Choice of combine method obviously depends on the dataset. For Centre, this example uses Mass Measure rather than MaxEnt 3, because de-charging of MALDI peptide mass fingerprint data is not usually necessary. Make sure that the Text Export checkbox, Determine monoisotopic peaks, is checked.

setup 3

The options for Auto Select are not critical

setup 4

Background subtract is essential for MALDI data. The recommended settings of 5th order and 40% seem to work well. Smoothing reduces the chance of a peak being split on noise, but oversmoothing can increase the number of baseline noise peaks that pass the Mass Measure minimum peak width criterion. Ideally, you should experiment with typical data to determine the optimum settings for smoothing. Minimum peak width and centroid top settings don't seem critical.

setup 5

In the Monoisotopic Peak Selection dialog, set the low mass threshold to something appropriate for peptide mass fingerprinting, e.g. 500 to 800 Da. Make sure that the Peaks to Search radio button is set to All monoisotopic peaks.

setup 6

In the select output dialog, check Generate text output, and (naturally) choose one of the two Mascot options. The default location for the peak list file is the current temp directory. It is better to specify an explicit path, either on a project basis or a sample list basis, because this will simplify setting up Mascot Daemon in real-time monitor mode to search the peak lists automatically.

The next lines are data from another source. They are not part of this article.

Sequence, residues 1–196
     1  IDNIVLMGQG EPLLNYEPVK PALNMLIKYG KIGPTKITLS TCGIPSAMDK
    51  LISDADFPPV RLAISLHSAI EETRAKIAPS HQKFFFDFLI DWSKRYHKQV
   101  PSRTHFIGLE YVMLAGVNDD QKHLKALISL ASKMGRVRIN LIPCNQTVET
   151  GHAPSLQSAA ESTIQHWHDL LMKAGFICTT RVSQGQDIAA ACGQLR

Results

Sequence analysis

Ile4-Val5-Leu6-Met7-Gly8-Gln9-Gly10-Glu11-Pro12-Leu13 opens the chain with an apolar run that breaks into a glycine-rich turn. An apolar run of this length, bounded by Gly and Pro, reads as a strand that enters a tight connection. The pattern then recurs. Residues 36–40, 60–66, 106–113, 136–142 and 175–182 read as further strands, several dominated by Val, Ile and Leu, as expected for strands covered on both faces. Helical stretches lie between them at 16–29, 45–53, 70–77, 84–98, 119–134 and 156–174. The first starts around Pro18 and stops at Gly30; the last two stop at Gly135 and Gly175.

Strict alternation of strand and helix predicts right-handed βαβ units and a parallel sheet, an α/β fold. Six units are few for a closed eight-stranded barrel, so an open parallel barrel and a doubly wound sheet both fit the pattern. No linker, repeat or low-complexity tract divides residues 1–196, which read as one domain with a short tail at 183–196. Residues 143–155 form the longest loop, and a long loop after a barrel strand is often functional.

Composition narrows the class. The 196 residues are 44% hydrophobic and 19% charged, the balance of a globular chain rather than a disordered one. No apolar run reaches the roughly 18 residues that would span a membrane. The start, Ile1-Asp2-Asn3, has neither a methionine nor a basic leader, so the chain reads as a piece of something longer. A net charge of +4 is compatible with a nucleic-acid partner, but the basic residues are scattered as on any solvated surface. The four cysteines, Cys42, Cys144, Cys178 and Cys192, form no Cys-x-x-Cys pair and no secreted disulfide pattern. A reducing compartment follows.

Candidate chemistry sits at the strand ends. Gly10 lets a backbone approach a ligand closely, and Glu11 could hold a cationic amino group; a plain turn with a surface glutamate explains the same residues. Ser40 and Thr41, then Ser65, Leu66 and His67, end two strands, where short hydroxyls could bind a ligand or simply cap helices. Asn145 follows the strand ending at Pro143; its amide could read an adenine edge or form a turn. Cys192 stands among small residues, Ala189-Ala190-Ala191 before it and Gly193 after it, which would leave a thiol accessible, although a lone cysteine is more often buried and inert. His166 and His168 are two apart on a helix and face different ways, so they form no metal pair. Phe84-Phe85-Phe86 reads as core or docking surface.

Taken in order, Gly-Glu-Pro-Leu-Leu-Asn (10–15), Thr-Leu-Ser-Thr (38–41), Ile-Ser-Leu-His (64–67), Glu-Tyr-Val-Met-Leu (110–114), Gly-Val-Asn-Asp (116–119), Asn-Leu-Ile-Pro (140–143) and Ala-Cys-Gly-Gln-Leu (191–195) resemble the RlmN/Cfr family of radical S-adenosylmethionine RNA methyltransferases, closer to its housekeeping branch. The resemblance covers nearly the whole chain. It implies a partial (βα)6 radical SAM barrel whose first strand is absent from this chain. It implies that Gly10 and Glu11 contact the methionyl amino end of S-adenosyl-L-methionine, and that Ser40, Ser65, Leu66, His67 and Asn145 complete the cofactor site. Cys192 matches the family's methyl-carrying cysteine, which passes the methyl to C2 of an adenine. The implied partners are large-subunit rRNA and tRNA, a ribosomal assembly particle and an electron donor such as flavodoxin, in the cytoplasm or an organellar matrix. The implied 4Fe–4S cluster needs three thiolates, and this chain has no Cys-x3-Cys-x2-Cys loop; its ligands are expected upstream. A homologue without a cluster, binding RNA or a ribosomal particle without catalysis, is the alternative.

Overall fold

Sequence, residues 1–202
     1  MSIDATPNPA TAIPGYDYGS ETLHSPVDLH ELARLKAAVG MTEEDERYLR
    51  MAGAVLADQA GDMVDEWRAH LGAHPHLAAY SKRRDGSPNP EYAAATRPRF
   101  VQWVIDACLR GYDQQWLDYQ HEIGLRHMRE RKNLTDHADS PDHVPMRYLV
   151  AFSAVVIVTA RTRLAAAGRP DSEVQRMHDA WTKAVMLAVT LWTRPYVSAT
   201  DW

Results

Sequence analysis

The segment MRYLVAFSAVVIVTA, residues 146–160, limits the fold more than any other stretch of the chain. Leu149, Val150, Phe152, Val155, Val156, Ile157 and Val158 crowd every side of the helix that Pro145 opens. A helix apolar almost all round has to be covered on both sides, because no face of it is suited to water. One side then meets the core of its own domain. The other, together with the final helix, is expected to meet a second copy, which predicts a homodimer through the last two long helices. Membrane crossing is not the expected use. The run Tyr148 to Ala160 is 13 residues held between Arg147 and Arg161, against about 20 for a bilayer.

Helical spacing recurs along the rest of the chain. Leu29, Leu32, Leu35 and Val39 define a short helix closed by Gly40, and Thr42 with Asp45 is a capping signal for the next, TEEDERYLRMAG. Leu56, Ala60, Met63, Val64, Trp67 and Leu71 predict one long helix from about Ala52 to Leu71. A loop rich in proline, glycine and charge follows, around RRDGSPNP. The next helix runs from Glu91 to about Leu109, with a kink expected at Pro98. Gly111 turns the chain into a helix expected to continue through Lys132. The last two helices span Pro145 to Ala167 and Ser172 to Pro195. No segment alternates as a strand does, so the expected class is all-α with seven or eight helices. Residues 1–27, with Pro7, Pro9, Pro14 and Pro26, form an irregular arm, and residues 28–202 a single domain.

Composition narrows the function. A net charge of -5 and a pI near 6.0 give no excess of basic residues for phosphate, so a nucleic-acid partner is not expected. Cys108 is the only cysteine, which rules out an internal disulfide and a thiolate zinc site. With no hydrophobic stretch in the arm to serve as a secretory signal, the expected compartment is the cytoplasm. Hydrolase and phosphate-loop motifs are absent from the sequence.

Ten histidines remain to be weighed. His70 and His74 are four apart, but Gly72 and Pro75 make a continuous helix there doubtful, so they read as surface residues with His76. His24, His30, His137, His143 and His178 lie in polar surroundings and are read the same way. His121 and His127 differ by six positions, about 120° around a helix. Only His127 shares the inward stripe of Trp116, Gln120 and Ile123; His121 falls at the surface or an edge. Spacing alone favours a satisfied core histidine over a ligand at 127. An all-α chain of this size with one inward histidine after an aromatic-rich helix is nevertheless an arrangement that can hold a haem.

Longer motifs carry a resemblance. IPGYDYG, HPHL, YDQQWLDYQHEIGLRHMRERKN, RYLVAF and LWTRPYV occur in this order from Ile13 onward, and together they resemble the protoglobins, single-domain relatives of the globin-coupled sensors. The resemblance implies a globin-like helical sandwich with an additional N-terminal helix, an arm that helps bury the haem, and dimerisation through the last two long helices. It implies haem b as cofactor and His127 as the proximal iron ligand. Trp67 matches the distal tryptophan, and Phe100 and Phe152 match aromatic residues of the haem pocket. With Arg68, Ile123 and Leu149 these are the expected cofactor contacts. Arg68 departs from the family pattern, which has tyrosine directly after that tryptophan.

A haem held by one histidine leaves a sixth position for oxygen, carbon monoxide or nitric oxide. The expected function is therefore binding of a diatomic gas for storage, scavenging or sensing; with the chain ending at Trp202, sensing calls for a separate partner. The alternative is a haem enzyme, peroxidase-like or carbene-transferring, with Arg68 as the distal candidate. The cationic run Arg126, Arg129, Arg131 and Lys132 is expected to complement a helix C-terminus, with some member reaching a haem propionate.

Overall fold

setup 7

Press finish and save the Parameter file. You are now ready to Run the sample list. The peak list quality can be excellent. When the data file used for the earlier illustration was processed using these parameters, the peak list contains 66 mass values. A Mascot peptide mass fingerprint search showed one excellent match and two probable matches, accounting for 44 of the 66 values, (results).


Processing LC-MS/MS data into a peaklist is a more complex task because the spectra need to be combined in the time domain according to precursor mass. This is handled automatically by ProteinLynx when the instrument type is Electrospray.

setup 8

The default setting for the QA filter does a good job of removing spectra that contain nothing but noise. For time domain processing, choose either Mass Measure or MaxEnt 3.

setup 9